Red Duck Does Louisville

Written by Jess Zutz, JD/MBA 2014
At 5:00am on Friday, February 15, the University of Louisville’s Cardinal Challenge began for Red Duck Ketchup.  As we all slugged through the security lines at the Eugene Airport, our excitement was deeply concealed beneath the drowsiness that accompanies wakeup calls before the sun rises.  Though we didn’t quite know what the next 48 hours would bring, we confidently napped on the plane knowing that if nothing else, Red Duck Ketchup was coming to Louisville, Kentucky in full force.  This was just the calm before the storm.
Our arrival in Louisville was much sunnier, colder, and more alert than our departure from Eugene.  After briefly hiding Kurt’s luggage from him while we checked into our rooms, we changed, regrouped, and finally walked up to the competition’s opening reception.  At the reception, each team was to give a 30-second brief on its business.  We elected to send Shannon up to tell the crowd just what Red Duck was all about, and were immediately welcomed by a chorus of “Go Ducks!” from people in the room (and Nathan wasn’t even one of them!)  Still, it was a nice warm welcome.  As the evening wore on, it became very clear that we were in Louisville, Kentucky.  The Southern drawls, the Woodford bourbon and Yum! Brands hats in our gift bags, and of course, the crown jewel of “Possibility City”: personalized Louisville Slugger bats.  It took every ounce of our energy to keep those bats in their boxes when we received them, but we managed to contain our home run swings for at least a few hours.  When the reception ended, we all decided to grab some dinner and call it an early night knowing full well that the next morning we’d be putting our game feathers on.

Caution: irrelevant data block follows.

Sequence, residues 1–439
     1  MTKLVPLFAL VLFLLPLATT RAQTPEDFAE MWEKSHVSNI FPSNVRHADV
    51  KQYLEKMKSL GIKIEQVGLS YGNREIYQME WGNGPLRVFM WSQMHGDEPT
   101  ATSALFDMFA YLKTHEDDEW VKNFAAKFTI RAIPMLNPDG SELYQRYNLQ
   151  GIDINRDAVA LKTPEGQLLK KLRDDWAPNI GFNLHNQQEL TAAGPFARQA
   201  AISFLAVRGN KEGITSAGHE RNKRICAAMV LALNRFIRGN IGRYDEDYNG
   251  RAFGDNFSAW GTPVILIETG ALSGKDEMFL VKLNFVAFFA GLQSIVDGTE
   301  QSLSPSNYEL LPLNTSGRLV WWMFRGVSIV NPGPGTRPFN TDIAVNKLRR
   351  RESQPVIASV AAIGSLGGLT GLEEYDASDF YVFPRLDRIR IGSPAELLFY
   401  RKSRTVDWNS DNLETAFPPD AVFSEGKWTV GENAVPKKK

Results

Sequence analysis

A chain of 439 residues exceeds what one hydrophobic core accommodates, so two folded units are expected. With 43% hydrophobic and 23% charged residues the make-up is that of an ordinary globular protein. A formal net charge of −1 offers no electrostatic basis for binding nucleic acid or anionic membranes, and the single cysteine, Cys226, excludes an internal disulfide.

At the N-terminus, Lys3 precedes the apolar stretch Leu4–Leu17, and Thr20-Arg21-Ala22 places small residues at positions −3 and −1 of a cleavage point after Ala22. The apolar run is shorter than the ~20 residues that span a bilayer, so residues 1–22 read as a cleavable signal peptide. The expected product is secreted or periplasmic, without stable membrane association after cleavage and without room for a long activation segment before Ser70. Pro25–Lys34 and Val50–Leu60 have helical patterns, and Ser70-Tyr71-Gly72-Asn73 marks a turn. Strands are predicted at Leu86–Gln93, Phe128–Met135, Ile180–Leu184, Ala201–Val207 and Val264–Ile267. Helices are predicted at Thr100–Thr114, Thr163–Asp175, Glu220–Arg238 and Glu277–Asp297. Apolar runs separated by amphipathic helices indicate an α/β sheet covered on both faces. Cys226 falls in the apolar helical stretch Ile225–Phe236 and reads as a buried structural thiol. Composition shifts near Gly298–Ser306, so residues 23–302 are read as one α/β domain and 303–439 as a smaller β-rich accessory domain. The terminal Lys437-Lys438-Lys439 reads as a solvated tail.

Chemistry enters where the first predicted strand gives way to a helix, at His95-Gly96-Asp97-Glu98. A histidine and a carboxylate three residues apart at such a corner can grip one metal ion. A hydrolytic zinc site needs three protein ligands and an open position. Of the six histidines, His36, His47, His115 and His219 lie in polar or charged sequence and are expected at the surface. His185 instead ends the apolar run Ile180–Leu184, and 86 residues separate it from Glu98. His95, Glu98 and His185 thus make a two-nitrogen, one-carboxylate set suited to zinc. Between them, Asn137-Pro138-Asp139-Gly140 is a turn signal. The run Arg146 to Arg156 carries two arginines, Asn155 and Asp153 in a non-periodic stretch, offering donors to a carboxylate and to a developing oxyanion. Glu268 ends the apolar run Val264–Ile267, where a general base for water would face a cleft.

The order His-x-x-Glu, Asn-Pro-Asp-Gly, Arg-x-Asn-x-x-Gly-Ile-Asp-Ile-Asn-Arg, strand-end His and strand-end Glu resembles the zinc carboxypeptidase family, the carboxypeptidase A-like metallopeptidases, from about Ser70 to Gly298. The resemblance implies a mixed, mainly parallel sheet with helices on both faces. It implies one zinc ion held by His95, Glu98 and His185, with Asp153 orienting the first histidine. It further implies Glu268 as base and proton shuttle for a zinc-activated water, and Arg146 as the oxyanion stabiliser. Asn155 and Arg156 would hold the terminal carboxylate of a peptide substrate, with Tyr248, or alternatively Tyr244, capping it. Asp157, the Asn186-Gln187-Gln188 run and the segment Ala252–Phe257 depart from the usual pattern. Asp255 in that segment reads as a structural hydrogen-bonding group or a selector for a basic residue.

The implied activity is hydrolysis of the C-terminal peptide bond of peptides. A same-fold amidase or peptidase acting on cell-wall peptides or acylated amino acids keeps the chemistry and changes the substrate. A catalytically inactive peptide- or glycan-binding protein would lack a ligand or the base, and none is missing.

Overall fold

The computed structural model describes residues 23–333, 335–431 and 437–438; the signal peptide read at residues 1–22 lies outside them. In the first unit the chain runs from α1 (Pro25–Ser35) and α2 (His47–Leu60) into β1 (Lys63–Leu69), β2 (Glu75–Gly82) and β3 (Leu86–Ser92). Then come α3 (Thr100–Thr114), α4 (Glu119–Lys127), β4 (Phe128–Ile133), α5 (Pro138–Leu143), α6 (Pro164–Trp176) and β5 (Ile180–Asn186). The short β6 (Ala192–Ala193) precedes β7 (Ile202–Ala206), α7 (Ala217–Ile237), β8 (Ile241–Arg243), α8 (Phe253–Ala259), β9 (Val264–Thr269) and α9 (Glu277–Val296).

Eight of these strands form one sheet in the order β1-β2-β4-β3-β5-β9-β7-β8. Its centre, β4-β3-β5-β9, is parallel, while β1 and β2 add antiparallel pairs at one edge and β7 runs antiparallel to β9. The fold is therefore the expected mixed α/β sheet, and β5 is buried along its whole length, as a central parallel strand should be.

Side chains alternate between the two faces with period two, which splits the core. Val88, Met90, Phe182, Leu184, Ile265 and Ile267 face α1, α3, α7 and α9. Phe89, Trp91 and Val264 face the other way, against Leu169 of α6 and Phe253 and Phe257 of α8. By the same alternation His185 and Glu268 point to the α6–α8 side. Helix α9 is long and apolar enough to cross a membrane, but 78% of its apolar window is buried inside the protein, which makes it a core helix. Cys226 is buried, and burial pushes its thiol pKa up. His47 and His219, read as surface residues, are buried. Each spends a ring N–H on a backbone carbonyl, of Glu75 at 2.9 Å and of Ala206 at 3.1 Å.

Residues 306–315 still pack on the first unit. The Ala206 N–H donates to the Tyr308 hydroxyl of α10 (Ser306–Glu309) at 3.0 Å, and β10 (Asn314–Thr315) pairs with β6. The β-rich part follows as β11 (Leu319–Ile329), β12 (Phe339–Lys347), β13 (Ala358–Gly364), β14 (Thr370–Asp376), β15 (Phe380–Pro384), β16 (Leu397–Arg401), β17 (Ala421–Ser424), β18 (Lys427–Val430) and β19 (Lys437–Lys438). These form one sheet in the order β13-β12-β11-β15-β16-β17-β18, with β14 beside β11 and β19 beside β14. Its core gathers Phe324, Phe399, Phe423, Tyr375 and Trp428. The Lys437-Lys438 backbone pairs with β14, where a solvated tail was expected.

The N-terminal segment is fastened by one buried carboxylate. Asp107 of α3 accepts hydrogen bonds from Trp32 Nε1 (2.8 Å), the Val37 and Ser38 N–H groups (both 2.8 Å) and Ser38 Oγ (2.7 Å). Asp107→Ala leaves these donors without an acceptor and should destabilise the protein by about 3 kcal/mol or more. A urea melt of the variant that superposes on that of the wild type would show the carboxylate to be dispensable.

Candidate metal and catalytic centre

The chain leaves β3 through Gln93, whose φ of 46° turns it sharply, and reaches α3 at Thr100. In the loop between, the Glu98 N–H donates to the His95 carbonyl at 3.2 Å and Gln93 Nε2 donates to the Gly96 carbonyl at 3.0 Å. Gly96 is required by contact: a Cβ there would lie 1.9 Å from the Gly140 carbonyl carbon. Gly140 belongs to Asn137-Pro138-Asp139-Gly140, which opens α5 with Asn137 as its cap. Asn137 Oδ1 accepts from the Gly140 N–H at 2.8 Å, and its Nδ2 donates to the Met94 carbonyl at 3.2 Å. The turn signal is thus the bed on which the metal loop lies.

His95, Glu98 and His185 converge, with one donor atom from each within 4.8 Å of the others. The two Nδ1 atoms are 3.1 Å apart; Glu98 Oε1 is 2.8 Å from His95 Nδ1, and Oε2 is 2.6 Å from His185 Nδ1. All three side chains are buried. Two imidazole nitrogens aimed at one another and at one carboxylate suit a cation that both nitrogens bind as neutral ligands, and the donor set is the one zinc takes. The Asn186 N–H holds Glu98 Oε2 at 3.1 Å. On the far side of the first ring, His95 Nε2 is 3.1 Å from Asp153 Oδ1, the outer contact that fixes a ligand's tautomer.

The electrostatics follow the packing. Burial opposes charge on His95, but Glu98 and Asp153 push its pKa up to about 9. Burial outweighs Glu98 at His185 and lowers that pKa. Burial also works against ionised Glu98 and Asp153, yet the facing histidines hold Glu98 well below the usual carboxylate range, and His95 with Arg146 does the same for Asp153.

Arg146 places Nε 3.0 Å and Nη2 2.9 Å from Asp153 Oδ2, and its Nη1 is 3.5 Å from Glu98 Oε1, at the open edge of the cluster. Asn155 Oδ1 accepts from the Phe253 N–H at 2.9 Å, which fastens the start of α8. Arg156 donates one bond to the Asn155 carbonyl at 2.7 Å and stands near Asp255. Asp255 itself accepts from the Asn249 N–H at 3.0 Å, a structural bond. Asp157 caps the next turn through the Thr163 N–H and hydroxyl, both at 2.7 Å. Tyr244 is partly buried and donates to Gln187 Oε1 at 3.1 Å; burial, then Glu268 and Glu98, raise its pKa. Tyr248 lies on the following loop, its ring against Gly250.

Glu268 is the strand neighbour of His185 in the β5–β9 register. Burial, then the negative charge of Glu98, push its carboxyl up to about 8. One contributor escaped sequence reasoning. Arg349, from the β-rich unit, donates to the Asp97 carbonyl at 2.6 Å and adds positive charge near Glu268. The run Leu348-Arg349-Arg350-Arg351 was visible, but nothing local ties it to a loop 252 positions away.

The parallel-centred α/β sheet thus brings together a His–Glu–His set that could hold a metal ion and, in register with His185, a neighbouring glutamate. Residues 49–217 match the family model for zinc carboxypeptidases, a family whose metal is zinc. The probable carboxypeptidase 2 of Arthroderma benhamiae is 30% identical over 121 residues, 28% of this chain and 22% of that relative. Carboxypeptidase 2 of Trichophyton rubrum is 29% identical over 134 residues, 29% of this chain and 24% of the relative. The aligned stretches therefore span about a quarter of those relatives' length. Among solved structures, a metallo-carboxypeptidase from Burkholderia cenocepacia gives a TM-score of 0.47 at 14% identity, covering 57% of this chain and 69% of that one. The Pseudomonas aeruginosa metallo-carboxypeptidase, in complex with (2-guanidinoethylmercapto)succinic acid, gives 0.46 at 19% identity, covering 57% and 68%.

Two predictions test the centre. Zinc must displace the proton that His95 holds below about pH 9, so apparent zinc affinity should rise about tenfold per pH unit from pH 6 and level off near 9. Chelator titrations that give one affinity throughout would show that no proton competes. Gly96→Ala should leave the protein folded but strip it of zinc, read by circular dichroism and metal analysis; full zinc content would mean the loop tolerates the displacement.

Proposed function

Say it with me now: “There’s no ketchup like our ketchup…”

Luckily for us, we were the last team in our 3-team track to present, which meant that we could sleep in.  The morning seemed to fly by, however, and after a practice run, we found ourselves passing out ketchup samples to the four judges.  The room our track competed in seemed packed.  Though our attention was, of course, focused on the four esteemed judges seated immediately in front of us, there was a great energy in the room punctuated every so often by the photographer’s flash bulbs.  Our presentation went well- it was perfectly timed, we had great answers to most of the judges’ questions, and even managed to get laughs from the whole room when describing the origins of our company name (We’re all Ducks, and our ketchup is red.  Sorry, nothing more glamorous than that).  Still, we were on edge throughout lunch as we waited for the winner from each track to be announced.  As we nervously nibbled on “Kentucky Pride” chicken (it wasn’t fried!) and Sky High Louisville Pie (cheesecake with pecan pie in the middle- over the top for sure), we especially enjoyed the brief speech given by Louisville Mayor Greg Fischer as he rattled off reasons why we should all move to Louisville.  We were struck by his business experience, and especially inspired by his charge to go forth and be good citizens by giving back to the community.